Native wildlife and their habitat's observation in Gombe and Serengeti
Report: Michael Seres
Date: 2011/8/17 - 2011/8/26
For one, who only worked with captive Chimpanzees and other exotic animals
for nearly 4 decades, suddenly being surrounded by wild cousins is a truly fantastic feeling.
Wildlife conservation was the focus of this trip, specifically to capture ideas and bring them back to apply them in captive settings.
Nearly 4 decades passed by since Bernhard Grzimek and his son Michael published the today still very actual and remarkable book "Serengeti Darf
Nicht Sterben" (The Serengeti Shall Not Die).
I was only 16 when first read this book an made a huge impact on me, just as much as when I read the equally
remarkable book by Jane Goodall "In the Shadow on Man.
" One can only dream to see and experience what is written in these books.
As a childhood dream that has developed into a burning desire now became reality, thanks to AS-HOPE! Grzimek and his son already alerted us in 1963 to work hard and save the then 367 thousand animals lived in the Serengeti.
This number in mammals alone has grown to be 4.
5 times as much (2001 estimates, Martin, 2001) During this trip we had a chance to see and often study in
close range of some 40 different species of mammals and birds, many in large groups and by thousands in total, as well as some reptile and insect species.
Observations included of the animals' relation to the ecosystem and habitat, foraging and their behavior in various aspects.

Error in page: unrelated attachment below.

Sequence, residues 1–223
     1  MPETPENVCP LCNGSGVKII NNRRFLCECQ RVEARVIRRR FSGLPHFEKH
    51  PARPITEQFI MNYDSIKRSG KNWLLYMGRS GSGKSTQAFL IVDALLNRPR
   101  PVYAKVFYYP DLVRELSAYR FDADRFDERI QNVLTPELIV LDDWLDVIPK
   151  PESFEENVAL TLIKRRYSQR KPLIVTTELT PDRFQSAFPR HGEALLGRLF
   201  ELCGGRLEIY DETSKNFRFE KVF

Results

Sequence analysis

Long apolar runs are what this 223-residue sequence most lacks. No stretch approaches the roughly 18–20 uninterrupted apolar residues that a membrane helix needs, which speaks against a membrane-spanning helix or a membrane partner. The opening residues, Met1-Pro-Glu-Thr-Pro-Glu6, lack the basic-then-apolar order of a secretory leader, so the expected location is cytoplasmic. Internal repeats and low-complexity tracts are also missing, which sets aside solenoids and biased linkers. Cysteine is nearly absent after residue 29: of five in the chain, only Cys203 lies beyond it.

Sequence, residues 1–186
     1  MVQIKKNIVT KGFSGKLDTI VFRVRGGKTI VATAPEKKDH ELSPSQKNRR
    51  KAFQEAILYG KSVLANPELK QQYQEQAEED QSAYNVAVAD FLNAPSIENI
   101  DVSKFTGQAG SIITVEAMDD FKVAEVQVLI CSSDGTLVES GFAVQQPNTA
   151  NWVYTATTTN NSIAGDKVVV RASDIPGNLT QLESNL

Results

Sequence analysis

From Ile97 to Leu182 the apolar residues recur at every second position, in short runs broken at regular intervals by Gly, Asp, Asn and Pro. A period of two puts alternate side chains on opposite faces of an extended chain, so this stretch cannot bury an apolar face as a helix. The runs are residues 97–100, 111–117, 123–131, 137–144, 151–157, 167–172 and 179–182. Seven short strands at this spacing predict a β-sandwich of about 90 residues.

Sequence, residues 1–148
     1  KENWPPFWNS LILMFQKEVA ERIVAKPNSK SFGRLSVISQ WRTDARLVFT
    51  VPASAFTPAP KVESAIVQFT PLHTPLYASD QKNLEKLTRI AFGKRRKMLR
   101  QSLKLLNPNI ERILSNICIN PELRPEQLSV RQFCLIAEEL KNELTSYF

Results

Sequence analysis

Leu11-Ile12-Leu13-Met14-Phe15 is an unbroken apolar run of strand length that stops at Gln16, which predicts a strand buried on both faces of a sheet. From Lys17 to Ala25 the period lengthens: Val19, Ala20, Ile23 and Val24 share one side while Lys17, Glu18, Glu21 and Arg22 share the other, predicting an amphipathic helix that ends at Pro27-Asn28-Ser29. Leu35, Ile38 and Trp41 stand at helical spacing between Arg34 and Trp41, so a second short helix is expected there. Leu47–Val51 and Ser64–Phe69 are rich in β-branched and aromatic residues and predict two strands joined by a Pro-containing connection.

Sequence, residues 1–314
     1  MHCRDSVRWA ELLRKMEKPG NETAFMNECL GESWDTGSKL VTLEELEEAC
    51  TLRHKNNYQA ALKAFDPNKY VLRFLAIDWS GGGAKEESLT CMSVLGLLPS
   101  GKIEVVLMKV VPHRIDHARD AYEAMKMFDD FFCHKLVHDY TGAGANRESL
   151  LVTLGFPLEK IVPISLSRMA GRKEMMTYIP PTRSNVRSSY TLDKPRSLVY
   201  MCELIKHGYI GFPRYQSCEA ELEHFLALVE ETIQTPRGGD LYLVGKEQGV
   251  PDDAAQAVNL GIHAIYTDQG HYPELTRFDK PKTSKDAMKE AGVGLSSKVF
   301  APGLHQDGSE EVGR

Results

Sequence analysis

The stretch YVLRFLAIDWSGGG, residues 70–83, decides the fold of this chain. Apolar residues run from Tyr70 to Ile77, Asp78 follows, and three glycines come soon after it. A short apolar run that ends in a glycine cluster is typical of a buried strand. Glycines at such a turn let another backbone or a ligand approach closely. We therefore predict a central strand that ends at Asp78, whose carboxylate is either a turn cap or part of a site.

Vigilance, mixed species association, group cohesion as well as habitat utilization and reaction to presence of human disturbance were noted.
In Gombe NP we have encountered some 20 individuals in various age-sex classes
during day tracking.
Unparalleled feeling is when a Chimpanzee mother and her kids passing us observing them, only a mere 50 cm far from people without visibly "noticing" our presence! Observations were possible on maternal care, nursing, feeding and foraging, tool use at termite fishing, traveling, climbing, resting, grooming, while several vocalizations were possible to register: panting, pant-grunts, greetings, pant-hoots, screams, Waah-barks as such, though most of the time mainly silent.
Selective foraging on ripe and unripe fruits, barks and weeds and collective termite fishing at a creek-bank were closely observed.
Observations were recorded using digital SLR camera and digital HD camcorders that are available for further analysis.